Administrative Team:Lauren Melendez, Administrative Specialist for the Futures Initiative and HASTAC@CUNY, will be joining the Graduate Center in late September. Lauren previously worked at ESPN Audio in Network Radio within the Sales Planning Department. In this role she coordinated with the Network Sales Team on stewarding General Market, Hispanic, Digital, and Remnant inventory with, pricing, clearing Network Audio buys, and worked with the finance department to expedite credit approvals, billing and several other administrative responsibilities. Lauren has been in the Media Industry for the last seven years and has worked in sales and buying roles at Fox Station Sales, as well as at Initiative Advertising Agency. Lauren is very excited in making the transition from Media into working here at the Graduate Center as an administrative specialist of the Futures Initiative and HASTAC. Lauren is also attending Graduate School at Hunter College in counseling. Lauren feels the admin role here at CUNY will be a great learning experience and growth opportunity, and she is excited by the prospect of working with undergraduate students in the CUNY colleges and community colleges as part of her position at the Futures Initiative. Katina Rogers, Deputy Director of the Futures Initiative and HASTAC@CUNY, will be joining the Graduate Center in October. Katina previously worked with the Modern Language Association as managing editor of MLA Commons, the MLA’s online platform for collaboration, discussion, and new modes of scholarly publishing. She contributed to the MLA’s initiatives on reforming doctoral education, broadening career horizons, and advocating for fair labor practices. Prior to working with the MLA, she conducted research on behalf of the Scholarly Communication Institute on perceptions of career preparedness among humanities scholars working in varied careers. While at SCI, she contributed to the development of the Praxis Network, a multi-institutional and international effort geared toward sharing model programs and experiments in humanities methodological training. Katina is the editor of #Alt-Academy, a digital publication dedicated to exploring the career paths of humanities scholars in and around the academy. She holds a PhD in Comparative Literature from the University of Colorado at Boulder.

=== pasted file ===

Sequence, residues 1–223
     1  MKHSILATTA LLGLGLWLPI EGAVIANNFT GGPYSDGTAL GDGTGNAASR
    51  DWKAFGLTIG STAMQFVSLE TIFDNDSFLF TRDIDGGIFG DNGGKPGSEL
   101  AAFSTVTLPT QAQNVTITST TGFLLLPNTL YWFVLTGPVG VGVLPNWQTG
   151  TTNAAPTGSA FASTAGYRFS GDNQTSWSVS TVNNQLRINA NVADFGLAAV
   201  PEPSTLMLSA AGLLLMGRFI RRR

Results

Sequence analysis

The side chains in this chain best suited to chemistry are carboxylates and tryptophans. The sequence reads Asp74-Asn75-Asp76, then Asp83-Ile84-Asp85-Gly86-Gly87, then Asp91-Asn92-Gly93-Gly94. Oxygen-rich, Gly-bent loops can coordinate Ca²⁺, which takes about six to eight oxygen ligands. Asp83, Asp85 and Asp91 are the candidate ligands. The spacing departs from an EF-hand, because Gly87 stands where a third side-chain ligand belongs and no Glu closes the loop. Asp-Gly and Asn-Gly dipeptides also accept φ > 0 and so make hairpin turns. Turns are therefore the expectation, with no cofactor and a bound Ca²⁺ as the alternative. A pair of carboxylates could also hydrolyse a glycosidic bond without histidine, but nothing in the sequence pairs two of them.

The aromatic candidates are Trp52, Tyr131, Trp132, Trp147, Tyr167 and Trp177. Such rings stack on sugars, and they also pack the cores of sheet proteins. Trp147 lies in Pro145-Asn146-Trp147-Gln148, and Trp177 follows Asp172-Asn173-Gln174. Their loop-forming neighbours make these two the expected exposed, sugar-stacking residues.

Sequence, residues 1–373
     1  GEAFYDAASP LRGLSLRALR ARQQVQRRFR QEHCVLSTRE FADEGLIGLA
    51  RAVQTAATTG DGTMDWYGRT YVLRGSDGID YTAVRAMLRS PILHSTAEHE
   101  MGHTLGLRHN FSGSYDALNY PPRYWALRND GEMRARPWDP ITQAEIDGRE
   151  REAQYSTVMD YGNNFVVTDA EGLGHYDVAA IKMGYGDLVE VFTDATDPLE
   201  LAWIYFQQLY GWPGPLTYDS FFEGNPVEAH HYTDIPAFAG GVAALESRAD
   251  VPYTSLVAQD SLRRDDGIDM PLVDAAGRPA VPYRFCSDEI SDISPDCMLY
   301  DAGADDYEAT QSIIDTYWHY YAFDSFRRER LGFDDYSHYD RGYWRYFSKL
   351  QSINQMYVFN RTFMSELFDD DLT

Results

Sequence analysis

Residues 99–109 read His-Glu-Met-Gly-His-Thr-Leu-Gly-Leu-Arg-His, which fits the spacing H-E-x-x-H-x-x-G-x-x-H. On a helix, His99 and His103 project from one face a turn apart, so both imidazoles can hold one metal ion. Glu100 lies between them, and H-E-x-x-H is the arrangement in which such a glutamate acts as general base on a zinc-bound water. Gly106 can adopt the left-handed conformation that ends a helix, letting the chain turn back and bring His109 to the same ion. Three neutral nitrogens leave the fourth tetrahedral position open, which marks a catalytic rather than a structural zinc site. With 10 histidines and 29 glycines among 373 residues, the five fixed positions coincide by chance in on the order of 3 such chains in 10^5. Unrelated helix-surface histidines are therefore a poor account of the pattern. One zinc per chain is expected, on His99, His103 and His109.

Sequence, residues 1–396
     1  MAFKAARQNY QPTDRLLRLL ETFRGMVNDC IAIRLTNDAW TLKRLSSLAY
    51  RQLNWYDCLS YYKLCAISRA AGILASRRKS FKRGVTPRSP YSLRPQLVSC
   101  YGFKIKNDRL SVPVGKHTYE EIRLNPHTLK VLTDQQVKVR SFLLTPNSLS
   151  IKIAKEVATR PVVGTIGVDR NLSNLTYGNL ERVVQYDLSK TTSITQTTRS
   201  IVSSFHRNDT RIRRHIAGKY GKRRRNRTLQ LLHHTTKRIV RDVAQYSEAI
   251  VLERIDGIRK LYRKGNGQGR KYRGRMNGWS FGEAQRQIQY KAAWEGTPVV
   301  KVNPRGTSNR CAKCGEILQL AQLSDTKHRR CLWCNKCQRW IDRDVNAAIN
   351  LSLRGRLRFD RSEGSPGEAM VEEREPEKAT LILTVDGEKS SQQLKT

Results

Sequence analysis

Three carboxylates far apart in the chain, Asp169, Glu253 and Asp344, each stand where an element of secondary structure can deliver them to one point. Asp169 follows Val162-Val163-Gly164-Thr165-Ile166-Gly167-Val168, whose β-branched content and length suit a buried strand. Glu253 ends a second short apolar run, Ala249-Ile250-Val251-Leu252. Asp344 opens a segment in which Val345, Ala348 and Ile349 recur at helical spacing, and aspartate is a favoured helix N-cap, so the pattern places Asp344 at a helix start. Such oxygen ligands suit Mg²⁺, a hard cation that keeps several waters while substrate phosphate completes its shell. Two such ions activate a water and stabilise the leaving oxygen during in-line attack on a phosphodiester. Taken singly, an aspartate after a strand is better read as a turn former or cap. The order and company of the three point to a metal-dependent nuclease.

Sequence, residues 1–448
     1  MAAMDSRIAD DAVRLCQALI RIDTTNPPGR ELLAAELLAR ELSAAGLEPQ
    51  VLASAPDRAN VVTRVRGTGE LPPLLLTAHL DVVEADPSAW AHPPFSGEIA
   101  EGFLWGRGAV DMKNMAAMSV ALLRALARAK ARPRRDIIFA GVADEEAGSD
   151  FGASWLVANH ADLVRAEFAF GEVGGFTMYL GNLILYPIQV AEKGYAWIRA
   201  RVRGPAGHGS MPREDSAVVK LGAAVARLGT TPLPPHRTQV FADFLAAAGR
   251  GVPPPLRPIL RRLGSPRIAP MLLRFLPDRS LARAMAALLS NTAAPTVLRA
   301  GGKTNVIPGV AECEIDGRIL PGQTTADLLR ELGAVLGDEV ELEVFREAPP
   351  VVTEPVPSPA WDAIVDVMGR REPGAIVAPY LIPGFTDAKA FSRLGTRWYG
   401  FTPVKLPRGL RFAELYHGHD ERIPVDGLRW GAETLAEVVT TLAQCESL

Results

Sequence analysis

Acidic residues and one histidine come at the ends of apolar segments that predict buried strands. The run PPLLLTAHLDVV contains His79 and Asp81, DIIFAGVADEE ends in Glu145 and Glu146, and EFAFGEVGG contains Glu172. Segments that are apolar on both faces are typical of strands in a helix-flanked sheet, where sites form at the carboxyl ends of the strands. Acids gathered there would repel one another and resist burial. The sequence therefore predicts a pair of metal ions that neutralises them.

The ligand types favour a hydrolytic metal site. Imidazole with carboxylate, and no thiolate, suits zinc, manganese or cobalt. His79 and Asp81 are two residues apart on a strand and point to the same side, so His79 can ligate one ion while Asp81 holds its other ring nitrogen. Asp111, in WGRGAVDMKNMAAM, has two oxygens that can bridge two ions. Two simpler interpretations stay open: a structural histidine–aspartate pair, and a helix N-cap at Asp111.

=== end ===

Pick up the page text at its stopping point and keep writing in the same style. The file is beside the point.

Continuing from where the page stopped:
Michael DorschMichael is a doctoral student specializing in geography in the Earth and Environmental Sciences program at The Graduate Center, CUNY. He teaches in the Department of Geography at Hunter College, CUNY and has also conducted research for the CUNY Institute for Sustainable Cities and the Science and Resilience Institute at Jamaica Bay. His research interests include using tools from geographic information systems and techniques from analytic cartography to visualize social and environmental inequities related to negative environmental exposures from energy production and industrial/post-industrial sites. Michael blogs on issues related to society/environment interactions, and his full CV is available at http://www.earthoutlook.org. images. She dances, cooks, and obsesses over her cat. She is a HASTAC Scholar. http://classy-tech.blogspot.com.